Wednesday, 24 June 2009

A Lovely Day Out.
















We have visitors staying from The Netherlands and yesterday we took them over towards the North York Moors to the beautiful Abbey at Rievaulx. The setting is exquisite. Eight centuries ago St Aelred - the third abbot - wrote "Everywhere peace, everywhere serenity, and a marvellous freedom from the tumult of the world." I would say that nothing of that has changed.





The abbey was founded by St Bernard of Clairvaux - twelve Clairvaux mnonks came here in 1132 and there has been an Abbey on this site ever since. I have put on just three photographs for you to see. A distance shot of the newer (relatively) part of the building, an interior shot (although of course there is now no roof) and a shot of a perfectly formed bird's nest which had blown down from somewhere on the masonry - what a beautiful piece of architecture that nest is too!
Then we made a short detour to St Gregory's Minster in Kirkdale. There has been a church on this site since about 750. The sundial in the photograph is Anglo-Saxon and it tells us that the church was rebuilt in 1055. There is a sense of peace and tranquility here too. There are very early sarcophogae inside and the coolness was wonderful after the scorching heat outside.
I hope you enjoy this brief tour.
Thanks to all those who participated in Mug Monday - and to all those who commented on my blog. I am very limited for time this week but I will visit you all within the next few days. Meanwhile - enjoy this lovely sunny weather while it lasts - the farmer is busy making hay (while the sun shines) so our friends, who have their caravan in one of our hay fields, are going to sleep at night to the very English scent of new mown hay. A brief PS after seeing the daisy in the nest photograph - a translation for what the dutch call daisies is "May kisses" - don't you think that's lovely?

17 comments:

steven said...

hi weaver, i have visited rieveaulx three times in my life. each time it has left me filled both awestruck and filled with peace. it is an extraordinary place steeped with history. your pictures of it are really good and take me back to some very special times!! have a peaceful day!! steven

Dave King said...

We've been in the area a couple of times, but never actually got to the Abbey. A great disappointment, but your post helps fill the gap by enabling me to visit vicariously. Thanks.

Derrick said...

Hello Weaver,

I recognise this place! But for you it was both open and sunny! In the rather dull conditions when I saw it, the abbey had something of a doleful air. But "everywhere peace" is very appropriate!

Arija said...

Lovely abbey, but by the look of things no matter how peaceful it was at the start or is nw, there was a rather desperate time in between. Lovely photos of the very gothic structure with its soaring arches.

The funeral in Friday so I probably won't get to blog much in the next few days ... the round trip is a good 1,500 miles and three sleep overs en route.

Enjoy your friends and beautiful summer weather while it lasts.

Poet in Residence said...

That's interesting about the daisies in Dutch.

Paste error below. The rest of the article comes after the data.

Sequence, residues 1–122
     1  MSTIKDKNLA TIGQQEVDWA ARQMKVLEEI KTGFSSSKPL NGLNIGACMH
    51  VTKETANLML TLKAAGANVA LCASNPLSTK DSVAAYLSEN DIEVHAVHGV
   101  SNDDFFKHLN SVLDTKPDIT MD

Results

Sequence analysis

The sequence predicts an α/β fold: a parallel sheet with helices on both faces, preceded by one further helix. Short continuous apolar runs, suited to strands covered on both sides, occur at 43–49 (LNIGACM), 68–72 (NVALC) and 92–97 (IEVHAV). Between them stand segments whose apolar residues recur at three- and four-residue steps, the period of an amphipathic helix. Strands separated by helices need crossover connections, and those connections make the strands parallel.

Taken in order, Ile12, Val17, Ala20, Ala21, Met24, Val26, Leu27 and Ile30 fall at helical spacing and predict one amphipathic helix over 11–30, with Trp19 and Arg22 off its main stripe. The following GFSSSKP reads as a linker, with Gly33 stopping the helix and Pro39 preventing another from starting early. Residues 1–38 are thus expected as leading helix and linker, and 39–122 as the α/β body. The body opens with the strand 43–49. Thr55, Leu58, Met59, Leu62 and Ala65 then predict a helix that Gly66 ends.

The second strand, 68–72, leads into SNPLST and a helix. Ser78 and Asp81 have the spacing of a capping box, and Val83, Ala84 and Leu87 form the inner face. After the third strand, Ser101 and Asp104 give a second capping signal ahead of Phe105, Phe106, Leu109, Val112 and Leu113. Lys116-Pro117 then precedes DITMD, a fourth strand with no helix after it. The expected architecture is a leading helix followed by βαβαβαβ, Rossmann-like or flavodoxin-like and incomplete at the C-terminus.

In German speaking lands daisies are called in translation 'geese flowers'. But I've no idea why. Do you think maybe geese like to eat them? Dandelions, as a matter of interest, are called 'Lion's Teeth'!

Elizabeth said...

A wonderful virtual visit.
We could do with some of that peace here!

Jane Moxey said...

So much wonderful ancient history in Britain! I miss that living here in the US. Thanks for the lovely pictures and interesting post.

Heather said...

I have never seen Rieveaulx other than in photos, but would love to one day. You have taken us on a lovely day out - thankyou so much. It's good to know that St.Aelred's words still hold true today and I love the name of 'May kisses' for daisies.

Amy said...

That is beautiful! I have dreams of visiting England, Scotland and Ireland and seeing ruins and castles like that. We just don't have the same history here in NZ.

Karen said...

What beautiful photographs, I love reading about your journeys..hope to see some of them one day myself.

Leenie said...

The British Isles have so much history compacted in such a small area! This abbey is another example of how people managed to put together beautiful architecture despite severe conditions. Thanks for the post. BTW if you are still wondering...the bird that is so clever with transporting worms is a robin. They are so common here I did not think to identify him.

acornmoon said...

Enjoy your visitors, a chance to see things through a tourist's eyes and a great way to rediscover local delights.

The Weaver of Grass said...

Thank you for all the comments - glad you liked Rievaulx. I am now so far behind with reading your blogs that this is a thanks to everyone and now I can get back to reading all of you! Normal service will be resumed tomorrow.

Welcome To Wilmoth Farms said...

Oh WOW! Such lovely photos! As I stated in my comment on your last post I love seeing those old old buildings! Such character and beauty!

Brenda Jean said...

What beautiful pictures in this post and the above ones too! Thanks so much for sharing. I have always loved church architechture and cemeteries!

Pamela Terry and Edward said...

Oh, I have never made it to Rievaulx! I must add it to my list. It is indeed exquisite.

BT said...

Oh what a wonderful place to visit. Jim knows it well, but I've never been there. Next time I'm in the area, definitely. You have obviously entertained your visitors beautifully.